Campaign suggested mischievously this summer that it might not be
inconceivable for, say, Interpublic to buy Manchester United. Of course,
the choice of Interpublic was purely hypothetical, with nothing more
tangible than Frank Lowe’s support for the club to go on - plus the fact
that Rupert Murdoch had bought the LA Dodgers and New York Knicks, Canal
Plus owned Paris St Germain and Silvio Berlusconi controlled AC
Now, Murdoch has once again outwitted his rivals to emerge as United’s
likely buyer for the extraordinary figure of pounds 575 million. It’s a
monster he did as much as the club itself to create. Only nine years
ago, United’s boss, Martin Edwards, couldn’t sell to Michael Knighton
for pounds 20 million.
Instead, United floated for pounds 47 million in 1991. That was before
its incredible run of success and, crucially, the launch of the Premier
League in 1992.
Sky’s buying of the rights to the Premier League transformed the game,
pumping into it the money that funded the rebuilding of stadia demanded
by the Taylor report, and the extraordinary influx of foreign
Murdoch’s cross-media promotion created the football hype. It led to
special sections in the papers, the rush by other channels to televise
even minor pre-season friendlies, and just the opposite of the dire
warnings of empty stadia that preceded the advent of live coverage.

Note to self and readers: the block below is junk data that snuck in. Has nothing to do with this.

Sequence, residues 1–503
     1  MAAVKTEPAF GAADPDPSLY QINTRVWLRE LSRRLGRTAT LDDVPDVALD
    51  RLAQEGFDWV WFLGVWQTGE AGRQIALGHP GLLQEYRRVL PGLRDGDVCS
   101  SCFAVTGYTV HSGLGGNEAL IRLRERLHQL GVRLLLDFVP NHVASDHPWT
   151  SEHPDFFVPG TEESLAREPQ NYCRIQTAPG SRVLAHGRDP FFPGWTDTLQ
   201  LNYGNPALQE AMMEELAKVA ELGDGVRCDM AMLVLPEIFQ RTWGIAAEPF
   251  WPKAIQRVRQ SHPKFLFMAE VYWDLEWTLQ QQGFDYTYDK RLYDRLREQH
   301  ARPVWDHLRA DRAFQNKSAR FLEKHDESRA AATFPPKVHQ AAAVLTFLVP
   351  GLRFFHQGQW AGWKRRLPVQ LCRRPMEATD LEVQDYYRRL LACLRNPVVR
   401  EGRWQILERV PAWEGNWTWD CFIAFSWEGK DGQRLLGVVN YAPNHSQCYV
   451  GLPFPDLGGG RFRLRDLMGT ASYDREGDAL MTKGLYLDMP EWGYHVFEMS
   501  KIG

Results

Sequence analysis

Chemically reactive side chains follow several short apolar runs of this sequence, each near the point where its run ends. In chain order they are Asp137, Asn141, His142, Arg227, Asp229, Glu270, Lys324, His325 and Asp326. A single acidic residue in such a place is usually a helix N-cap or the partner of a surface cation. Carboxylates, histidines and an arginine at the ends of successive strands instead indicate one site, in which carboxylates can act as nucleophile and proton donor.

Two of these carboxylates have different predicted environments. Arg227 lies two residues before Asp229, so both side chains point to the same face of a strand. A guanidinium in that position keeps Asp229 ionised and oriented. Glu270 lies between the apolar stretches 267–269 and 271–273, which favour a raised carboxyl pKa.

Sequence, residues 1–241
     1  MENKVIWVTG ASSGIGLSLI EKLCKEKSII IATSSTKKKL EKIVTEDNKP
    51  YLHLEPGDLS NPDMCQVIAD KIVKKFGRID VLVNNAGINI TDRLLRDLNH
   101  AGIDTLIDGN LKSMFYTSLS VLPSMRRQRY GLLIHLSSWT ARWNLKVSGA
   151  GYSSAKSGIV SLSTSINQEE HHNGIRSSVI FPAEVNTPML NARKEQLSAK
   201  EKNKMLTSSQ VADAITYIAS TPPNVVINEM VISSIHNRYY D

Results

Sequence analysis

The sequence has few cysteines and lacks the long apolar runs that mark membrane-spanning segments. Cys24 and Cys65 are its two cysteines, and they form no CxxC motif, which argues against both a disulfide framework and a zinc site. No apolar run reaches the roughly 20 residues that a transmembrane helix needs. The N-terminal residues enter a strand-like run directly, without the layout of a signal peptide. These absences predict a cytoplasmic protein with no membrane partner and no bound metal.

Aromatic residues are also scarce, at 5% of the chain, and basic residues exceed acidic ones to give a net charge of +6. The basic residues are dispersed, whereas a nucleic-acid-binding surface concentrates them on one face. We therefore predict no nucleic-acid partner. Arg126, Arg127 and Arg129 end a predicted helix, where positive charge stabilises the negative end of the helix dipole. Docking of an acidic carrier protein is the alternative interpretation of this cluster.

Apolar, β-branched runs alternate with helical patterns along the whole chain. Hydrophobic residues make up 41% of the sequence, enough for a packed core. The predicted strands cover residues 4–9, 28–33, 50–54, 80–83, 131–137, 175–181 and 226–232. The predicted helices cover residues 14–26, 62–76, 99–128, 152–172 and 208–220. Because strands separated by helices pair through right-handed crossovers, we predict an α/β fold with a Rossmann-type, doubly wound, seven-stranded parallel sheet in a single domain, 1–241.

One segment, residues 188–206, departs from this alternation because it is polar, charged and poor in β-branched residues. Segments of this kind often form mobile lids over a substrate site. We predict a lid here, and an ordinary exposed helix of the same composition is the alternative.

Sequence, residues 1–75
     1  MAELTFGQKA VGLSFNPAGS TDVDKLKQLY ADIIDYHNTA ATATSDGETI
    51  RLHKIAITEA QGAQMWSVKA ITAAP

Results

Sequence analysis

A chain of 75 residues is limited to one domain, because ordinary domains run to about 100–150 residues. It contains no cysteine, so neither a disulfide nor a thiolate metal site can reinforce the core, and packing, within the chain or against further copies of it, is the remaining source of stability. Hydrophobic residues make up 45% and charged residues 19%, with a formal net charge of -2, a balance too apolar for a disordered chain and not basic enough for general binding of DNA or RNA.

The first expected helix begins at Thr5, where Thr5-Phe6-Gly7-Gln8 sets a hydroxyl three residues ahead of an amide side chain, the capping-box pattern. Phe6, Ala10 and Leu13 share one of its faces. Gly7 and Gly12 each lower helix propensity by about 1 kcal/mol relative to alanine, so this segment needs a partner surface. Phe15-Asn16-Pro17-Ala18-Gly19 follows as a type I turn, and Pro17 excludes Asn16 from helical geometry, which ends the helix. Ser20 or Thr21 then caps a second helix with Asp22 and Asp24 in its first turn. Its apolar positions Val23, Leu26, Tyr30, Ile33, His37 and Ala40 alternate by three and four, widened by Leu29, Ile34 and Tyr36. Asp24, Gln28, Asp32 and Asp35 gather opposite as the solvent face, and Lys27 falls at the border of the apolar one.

Has it been good for advertisers? Of course. Not the least because
football established Sky in Britain’s TV landscape. Sky football
provided a value-for-money way of reaching young male viewers.
Despite this, its ratings are often no more than one-sixth of Match of
the Day’s. But archaic measurement systems do not record the high
proportion of fans watching on screens in pubs. Regardless, Sky viewers
are more clearly definable. Agencies that lambast Sky’s figures appear
stuck in the volume trap.
Of course, Murdoch wishes to buy Manchester United to safeguard live
football rights (domestic or, in future, European). But will he run
Manchester United any worse than the incompetents who run some of our
Somehow, despite all the money pouring in, many still manage to make a
That said, control of Manchester United would give Murdoch effective
control of the league. The club is as big as Juventus and Inter Milan
combined. The game will be run better as a business and offer more to
the commercial world.
However, it’s not unreasonable to ask whether one man should be allowed
to have such control and whether the game will be run better for
ordinary fans (whoever they may be). Ultimately, if the game isn’t run
for fans then isn’t that bad business? One thing is sure: Murdoch has
opened the floodgates.
Next: M&C Saatchi fights Carlton for Arsenal.
Thirty years ago such a deal would have been unimaginable. Yet the
notion that nothing’s changed in the UK ad business in that period has
become commonplace. Is this really true? Well, next week is Campaign’s
Judge for yourself with our special 176-page commemorative issue.